For patients who cannot be intubated, he said that use of the laryngeal mask airway (LMA) saves the most lives. However, he cautioned about safety concerns with these masks, given that they may not prevent aspiration or reflux.
Explore This IssueDecember 2009
Acute Management of Facial Fractures
Another lesson learned from the battlefield is that high-velocity facial wounds can be treated immediately, versus the traditional delayed approach.
According to Dr. Lopez, he and his colleagues who have deployed to Iraq and Afghanistan have treated thousands of soldiers with this approach. The assumption that the soft tissue in a high-velocity facial wound had to heal for about a week prior to closing it is not borne out by the good results they have seen in patients in whom their facial wounds are closed immediately.
Fortunately, we don’t see a lot of high-velocity facial wounds in civilian life, he said, adding that he would treat these types of wounds immediately in a civilian setting as well should it arise.
Providing trauma care is not easy, and the challenges are great. There is concern that we’re not training otolaryngologists to handle trauma and that translates not only onto the battlefield but to hospitals across America, said Marion Couch, MD, PhD, of the Department of Otolaryngology-Head and Neck Surgery at University of North Carolina School of Medicine in Chapel Hill.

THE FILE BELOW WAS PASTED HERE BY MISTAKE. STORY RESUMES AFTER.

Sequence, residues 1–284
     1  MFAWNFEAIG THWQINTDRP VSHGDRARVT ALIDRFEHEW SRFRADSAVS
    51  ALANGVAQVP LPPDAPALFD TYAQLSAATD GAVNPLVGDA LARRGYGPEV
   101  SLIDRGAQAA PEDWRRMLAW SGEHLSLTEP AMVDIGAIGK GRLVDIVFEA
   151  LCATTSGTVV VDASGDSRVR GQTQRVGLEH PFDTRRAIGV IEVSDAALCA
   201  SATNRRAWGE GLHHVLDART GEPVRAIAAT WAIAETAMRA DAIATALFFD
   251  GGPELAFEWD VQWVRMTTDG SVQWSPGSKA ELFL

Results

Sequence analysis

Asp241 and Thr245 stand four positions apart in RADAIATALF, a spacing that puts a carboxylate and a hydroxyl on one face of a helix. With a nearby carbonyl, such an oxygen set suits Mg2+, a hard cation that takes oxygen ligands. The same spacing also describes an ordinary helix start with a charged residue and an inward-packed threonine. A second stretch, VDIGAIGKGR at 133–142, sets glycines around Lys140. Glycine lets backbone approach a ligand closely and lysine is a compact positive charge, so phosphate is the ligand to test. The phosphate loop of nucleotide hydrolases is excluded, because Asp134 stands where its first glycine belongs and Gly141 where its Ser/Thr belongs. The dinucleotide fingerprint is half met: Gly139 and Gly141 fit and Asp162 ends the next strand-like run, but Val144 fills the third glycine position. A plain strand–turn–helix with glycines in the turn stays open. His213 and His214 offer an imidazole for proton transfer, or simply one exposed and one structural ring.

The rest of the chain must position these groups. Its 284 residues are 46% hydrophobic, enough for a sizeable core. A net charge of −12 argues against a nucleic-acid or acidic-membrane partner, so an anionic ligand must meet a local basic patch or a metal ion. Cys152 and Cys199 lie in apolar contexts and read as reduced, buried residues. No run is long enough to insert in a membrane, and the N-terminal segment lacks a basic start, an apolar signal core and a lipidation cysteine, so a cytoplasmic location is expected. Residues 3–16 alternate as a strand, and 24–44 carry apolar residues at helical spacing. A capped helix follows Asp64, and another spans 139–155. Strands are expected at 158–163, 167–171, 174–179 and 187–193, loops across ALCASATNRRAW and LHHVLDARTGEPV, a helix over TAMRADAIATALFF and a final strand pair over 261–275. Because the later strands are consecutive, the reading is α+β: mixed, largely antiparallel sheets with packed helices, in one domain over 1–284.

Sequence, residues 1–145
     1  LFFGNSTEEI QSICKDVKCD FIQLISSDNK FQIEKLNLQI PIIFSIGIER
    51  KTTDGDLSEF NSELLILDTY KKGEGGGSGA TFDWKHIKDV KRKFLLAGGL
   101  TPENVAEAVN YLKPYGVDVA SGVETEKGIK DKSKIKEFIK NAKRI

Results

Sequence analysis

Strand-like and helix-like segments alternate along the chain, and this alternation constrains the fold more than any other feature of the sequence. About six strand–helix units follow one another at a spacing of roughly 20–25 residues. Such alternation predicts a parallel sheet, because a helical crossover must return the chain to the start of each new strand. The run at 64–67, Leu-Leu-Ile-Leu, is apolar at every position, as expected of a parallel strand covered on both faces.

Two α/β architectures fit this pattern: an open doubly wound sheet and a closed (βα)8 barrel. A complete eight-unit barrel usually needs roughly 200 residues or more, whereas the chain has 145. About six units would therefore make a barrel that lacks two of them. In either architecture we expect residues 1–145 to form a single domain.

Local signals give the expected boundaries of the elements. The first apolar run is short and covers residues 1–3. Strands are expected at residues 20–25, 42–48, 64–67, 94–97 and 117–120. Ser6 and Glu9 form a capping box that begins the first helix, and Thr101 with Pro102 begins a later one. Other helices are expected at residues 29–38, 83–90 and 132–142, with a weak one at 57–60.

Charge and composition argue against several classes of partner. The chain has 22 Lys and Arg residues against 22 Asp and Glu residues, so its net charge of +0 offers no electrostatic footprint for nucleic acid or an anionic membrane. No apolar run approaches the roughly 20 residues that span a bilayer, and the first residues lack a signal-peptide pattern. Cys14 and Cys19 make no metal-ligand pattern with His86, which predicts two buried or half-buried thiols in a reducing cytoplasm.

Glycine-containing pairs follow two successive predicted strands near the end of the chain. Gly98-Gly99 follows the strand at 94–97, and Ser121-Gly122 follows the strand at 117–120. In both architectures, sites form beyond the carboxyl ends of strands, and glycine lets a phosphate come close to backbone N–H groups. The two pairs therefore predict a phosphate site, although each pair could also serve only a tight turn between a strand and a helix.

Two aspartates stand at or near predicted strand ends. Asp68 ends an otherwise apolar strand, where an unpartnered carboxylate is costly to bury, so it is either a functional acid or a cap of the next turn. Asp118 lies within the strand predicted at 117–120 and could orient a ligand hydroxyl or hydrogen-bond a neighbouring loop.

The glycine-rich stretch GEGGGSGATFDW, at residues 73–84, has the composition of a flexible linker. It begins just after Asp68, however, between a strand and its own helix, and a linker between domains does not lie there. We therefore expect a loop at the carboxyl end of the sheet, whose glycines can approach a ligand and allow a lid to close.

Of the several socioeconomic issues that make trauma care challenging, Dr. Couch emphasized that the large number of people without health insurance is a key factor.
The issue of uninsured patients is intimately associated with the sustainability of trauma, she said, adding that it is becoming more difficult for surgeons, as well as institutions and hospitals, to handle trauma injuries because the reimbursement rate is so low. To take on these cases, she said, you often have to take a financial hit.
One solution proposed to address these challenges is for otolaryngologists to use a standardized daily progress note to increase coding accuracy and associated billing. Data show a 394% average revenue increase when standardizing documentation.
Given the difficulties of providing trauma services, Dr. Couch said that efforts are under way to provide education and support for otolaryngologists and to advocate within the specialty, with the American College of Surgeons, and with local and federal government to improve ways to deliver trauma services. To this end, a Head and Neck Trauma Study Group is working toward becoming a full committee within the AAO-HNS.